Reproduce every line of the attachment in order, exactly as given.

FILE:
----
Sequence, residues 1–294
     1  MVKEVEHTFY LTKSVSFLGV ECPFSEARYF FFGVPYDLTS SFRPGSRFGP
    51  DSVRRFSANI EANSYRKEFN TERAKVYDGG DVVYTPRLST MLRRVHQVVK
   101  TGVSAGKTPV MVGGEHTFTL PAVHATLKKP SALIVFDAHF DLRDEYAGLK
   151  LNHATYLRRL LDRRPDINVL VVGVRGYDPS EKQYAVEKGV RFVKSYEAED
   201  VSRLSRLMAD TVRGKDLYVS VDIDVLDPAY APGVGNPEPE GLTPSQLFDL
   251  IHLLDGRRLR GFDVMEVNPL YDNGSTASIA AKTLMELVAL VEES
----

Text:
Sequence, residues 1–294
     1  MVKEVEHTFY LTKSVSFLGV ECPFSEARYF FFGVPYDLTS SFRPGSRFGP
    51  DSVRRFSANI EANSYRKEFN TERAKVYDGG DVVYTPRLST MLRRVHQVVK
   101  TGVSAGKTPV MVGGEHTFTL PAVHATLKKP SALIVFDAHF DLRDEYAGLK
   151  LNHATYLRRL LDRRPDINVL VVGVRGYDPS EKQYAVEKGV RFVKSYEAED
   201  VSRLSRLMAD TVRGKDLYVS VDIDVLDPAY APGVGNPEPE GLTPSQLFDL
   251  IHLLDGRRLR GFDVMEVNPL YDNGSTASIA AKTLMELVAL VEES